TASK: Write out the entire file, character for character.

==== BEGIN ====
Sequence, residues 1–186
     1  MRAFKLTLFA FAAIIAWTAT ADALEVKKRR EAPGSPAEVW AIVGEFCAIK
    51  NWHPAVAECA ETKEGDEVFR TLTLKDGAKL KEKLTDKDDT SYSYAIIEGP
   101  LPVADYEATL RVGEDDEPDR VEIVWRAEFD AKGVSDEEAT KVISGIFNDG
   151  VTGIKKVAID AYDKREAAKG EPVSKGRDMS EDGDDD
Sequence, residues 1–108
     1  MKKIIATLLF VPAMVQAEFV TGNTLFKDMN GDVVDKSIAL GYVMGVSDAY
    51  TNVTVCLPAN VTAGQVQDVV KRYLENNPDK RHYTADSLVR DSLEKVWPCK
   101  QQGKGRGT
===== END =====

Sequence, residues 1–186
     1  MRAFKLTLFA FAAIIAWTAT ADALEVKKRR EAPGSPAEVW AIVGEFCAIK
    51  NWHPAVAECA ETKEGDEVFR TLTLKDGAKL KEKLTDKDDT SYSYAIIEGP
   101  LPVADYEATL RVGEDDEPDR VEIVWRAEFD AKGVSDEEAT KVISGIFNDG
   151  VTGIKKVAID AYDKREAAKG EPVSKGRDMS EDGDDD
Sequence, residues 1–108
     1  MKKIIATLLF VPAMVQAEFV TGNTLFKDMN GDVVDKSIAL GYVMGVSDAY
    51  TNVTVCLPAN VTAGQVQDVV KRYLENNPDK RHYTADSLVR DSLEKVWPCK
   101  QQGKGRGT